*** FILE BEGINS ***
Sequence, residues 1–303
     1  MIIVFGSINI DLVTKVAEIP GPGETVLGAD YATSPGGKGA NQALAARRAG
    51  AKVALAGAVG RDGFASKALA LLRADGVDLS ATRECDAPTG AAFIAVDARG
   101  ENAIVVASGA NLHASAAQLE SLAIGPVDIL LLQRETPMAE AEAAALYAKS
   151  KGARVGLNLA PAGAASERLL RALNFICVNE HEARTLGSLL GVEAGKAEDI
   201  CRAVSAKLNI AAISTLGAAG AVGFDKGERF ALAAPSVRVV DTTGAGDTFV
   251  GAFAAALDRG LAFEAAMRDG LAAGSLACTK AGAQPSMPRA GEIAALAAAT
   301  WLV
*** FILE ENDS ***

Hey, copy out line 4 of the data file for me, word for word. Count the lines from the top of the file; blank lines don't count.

   101  ENAIVVASGA NLHASAAQLE SLAIGPVDIL LLQRETPMAE AEAAALYAKS